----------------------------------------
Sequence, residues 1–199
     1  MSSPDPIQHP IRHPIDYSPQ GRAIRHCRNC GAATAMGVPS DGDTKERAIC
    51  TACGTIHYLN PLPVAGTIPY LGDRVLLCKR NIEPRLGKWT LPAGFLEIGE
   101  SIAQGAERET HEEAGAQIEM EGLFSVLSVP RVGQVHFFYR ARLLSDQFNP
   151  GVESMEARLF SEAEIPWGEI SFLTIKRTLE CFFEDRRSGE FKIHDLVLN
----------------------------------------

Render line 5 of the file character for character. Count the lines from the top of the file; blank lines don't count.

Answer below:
   151  GVESMEARLF SEAEIPWGEI SFLTIKRTLE CFFEDRRSGE FKIHDLVLN